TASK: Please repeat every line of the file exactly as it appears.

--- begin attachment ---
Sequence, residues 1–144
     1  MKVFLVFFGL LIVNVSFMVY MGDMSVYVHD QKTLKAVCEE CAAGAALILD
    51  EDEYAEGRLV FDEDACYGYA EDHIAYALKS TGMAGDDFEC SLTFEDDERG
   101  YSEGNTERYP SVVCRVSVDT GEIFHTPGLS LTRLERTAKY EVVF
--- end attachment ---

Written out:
Sequence, residues 1–144
     1  MKVFLVFFGL LIVNVSFMVY MGDMSVYVHD QKTLKAVCEE CAAGAALILD
    51  EDEYAEGRLV FDEDACYGYA EDHIAYALKS TGMAGDDFEC SLTFEDDERG
   101  YSEGNTERYP SVVCRVSVDT GEIFHTPGLS LTRLERTAKY EVVF